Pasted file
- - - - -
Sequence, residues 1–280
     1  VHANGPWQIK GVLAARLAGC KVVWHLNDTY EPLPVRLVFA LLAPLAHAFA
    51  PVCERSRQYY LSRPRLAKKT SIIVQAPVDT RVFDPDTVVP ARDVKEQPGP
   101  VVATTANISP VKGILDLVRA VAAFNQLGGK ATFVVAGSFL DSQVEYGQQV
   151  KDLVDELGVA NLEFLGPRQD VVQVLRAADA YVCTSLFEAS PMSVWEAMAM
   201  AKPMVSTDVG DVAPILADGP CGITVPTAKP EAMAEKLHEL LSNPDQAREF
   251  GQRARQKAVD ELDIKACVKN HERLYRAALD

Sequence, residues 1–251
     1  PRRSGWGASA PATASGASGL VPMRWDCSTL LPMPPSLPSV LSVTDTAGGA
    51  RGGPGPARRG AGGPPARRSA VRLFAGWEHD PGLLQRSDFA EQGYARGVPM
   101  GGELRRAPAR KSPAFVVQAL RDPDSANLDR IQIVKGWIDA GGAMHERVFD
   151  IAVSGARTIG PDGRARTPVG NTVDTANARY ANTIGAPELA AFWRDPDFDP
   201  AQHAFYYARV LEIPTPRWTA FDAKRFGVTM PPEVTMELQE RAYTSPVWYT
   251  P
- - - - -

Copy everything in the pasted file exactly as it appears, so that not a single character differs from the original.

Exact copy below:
Sequence, residues 1–280
     1  VHANGPWQIK GVLAARLAGC KVVWHLNDTY EPLPVRLVFA LLAPLAHAFA
    51  PVCERSRQYY LSRPRLAKKT SIIVQAPVDT RVFDPDTVVP ARDVKEQPGP
   101  VVATTANISP VKGILDLVRA VAAFNQLGGK ATFVVAGSFL DSQVEYGQQV
   151  KDLVDELGVA NLEFLGPRQD VVQVLRAADA YVCTSLFEAS PMSVWEAMAM
   201  AKPMVSTDVG DVAPILADGP CGITVPTAKP EAMAEKLHEL LSNPDQAREF
   251  GQRARQKAVD ELDIKACVKN HERLYRAALD

Sequence, residues 1–251
     1  PRRSGWGASA PATASGASGL VPMRWDCSTL LPMPPSLPSV LSVTDTAGGA
    51  RGGPGPARRG AGGPPARRSA VRLFAGWEHD PGLLQRSDFA EQGYARGVPM
   101  GGELRRAPAR KSPAFVVQAL RDPDSANLDR IQIVKGWIDA GGAMHERVFD
   151  IAVSGARTIG PDGRARTPVG NTVDTANARY ANTIGAPELA AFWRDPDFDP
   201  AQHAFYYARV LEIPTPRWTA FDAKRFGVTM PPEVTMELQE RAYTSPVWYT
   251  P